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India Growth Plan: Trim Fiscal Deficit, Woo Foreign Investors

  • Anjana Pasricha

Indian Finance Minister Palaniappan Chidambaram, center, arrives at Parliament to present the annual budget in New Delhi, February 28, 2013.

Indian Finance Minister Palaniappan Chidambaram, center, arrives at Parliament to present the annual budget in New Delhi, February 28, 2013.

India’s finance minister is pledging to revive economic growth by trimming the country’s fiscal deficit. He also says India is in critical need of foreign investment to reverse the worst slowdown in a decade for Asia’s third largest economy.

Speaking to parliament during the presentation of the country's annual budget, Finance Minister P. Chidambaram vowed to cut India’s fiscal deficit to 4.8 per cent in the next fiscal year. He said the country needs to make tough spending decisions.

"I have no choice but to rationalize expenditure. We took a dose of bitter medicine. It seems to be working," he said.

India’s fiscal and current deficits have raised concern of a downgrade by rating agencies.

However, government spending will rise by about 16 per cent in the next year. To meet those expenses, the Finance Minister announced a temporary tax on the super rich - those with an annual income of about $200,000 - and on local companies with an income of over $2 million.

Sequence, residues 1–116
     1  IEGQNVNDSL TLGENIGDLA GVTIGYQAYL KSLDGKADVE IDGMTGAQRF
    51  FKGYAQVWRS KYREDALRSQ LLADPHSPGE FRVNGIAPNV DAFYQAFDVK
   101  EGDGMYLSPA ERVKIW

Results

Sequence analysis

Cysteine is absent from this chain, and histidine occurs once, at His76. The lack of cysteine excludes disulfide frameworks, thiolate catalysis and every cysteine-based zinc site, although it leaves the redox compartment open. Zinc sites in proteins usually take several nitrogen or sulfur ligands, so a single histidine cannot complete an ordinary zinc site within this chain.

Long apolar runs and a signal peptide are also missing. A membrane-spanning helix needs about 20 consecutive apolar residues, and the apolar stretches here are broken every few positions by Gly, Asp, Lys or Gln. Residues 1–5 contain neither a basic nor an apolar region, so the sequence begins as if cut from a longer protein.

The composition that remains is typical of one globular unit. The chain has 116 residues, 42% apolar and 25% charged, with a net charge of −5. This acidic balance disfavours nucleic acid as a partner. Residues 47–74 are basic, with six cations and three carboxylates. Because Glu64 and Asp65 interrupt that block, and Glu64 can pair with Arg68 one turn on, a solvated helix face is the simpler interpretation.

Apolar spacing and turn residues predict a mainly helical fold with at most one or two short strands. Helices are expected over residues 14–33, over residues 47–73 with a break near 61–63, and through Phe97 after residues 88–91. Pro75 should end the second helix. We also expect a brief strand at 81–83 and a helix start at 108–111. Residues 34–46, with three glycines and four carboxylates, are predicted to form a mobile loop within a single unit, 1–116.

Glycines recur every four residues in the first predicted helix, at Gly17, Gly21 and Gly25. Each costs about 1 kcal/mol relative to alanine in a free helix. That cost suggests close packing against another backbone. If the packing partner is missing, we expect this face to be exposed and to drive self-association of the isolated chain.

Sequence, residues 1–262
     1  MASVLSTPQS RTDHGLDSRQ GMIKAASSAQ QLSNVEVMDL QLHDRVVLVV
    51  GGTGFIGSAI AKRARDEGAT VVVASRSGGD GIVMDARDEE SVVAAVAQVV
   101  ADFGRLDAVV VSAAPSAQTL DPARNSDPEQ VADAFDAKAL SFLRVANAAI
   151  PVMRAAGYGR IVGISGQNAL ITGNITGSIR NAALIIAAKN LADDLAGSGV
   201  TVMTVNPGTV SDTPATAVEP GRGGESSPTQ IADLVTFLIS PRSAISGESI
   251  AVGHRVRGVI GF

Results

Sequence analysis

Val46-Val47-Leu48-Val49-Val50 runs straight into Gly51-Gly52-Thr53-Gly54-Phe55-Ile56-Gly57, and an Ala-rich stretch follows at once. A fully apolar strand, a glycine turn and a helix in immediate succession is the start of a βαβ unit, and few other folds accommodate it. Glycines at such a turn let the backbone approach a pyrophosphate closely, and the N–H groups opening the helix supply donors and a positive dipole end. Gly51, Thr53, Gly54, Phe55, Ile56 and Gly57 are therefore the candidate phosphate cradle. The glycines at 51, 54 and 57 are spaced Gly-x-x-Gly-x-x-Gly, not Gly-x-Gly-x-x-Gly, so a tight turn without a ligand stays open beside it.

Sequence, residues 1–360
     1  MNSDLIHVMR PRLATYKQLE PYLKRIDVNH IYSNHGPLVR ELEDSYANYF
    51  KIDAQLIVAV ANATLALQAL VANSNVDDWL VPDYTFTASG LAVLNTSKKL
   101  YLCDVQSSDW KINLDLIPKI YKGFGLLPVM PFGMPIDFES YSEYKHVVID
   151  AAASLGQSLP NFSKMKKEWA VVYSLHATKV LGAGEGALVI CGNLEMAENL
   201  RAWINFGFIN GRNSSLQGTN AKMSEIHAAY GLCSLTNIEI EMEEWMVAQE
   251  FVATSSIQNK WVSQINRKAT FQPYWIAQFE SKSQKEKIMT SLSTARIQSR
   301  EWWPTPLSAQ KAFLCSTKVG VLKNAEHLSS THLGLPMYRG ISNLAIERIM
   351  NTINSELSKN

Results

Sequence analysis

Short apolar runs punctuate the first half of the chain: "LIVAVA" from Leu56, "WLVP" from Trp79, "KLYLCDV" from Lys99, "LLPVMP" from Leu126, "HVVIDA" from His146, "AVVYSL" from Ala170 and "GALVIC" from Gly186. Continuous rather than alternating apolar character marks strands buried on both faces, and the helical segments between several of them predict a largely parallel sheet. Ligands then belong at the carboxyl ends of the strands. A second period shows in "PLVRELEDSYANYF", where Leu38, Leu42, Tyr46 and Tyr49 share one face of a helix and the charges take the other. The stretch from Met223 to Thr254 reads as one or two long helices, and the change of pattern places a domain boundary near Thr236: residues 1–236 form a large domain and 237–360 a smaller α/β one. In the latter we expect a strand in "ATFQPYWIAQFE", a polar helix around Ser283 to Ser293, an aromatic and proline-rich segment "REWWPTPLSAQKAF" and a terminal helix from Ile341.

Minister Chidambaram acknowledged that the Indian economy, which has slowed to a decade-low of about five percent, is in a trough. He says restoring high growth is a challenge, but that he is optimistic about the future.

"There is no reason for gloom or pessimism," he said. "Even now, of the large countries of the world, only China and Indonesia are growing faster than India in 2012-13. And in 2013-14, if we grow at the rate projected by many forecasters, only China will grow faster than India.”

The government estimates that India’s economy will grow by over six percent in the next fiscal year, after slipping to five percent in the last year.

Chidambaram focused on winning back foreign investors assuring them that India will be business friendly.

He pointed out that India needs $75 billion to finance its current account deficit, or trade imbalance, which has grown rapidly due to massive imports of oil, gold and coal.

"I have been at pains to state over and over again that India does not have the choice between welcoming and spurning foreign investment. Foreign investment is an imperative," he said.

Foreign investment fell last year as investors were alienated by a series of unexpected tax proposals, by corruption scandals and India’s tough regulatory regime. Opposition parties have also opposed the government’s decision to open the retail sector to foreign supermarkets.

Prime Minister Manmohan Singh expressed hope that the measures announced will revive the economy and that India will return to growth levels of about eight percent in two to three years.

Forecasters say returning India to those levels of growth will depend on the government’s willingness to reduce spending, initiate reforms and control inflation.
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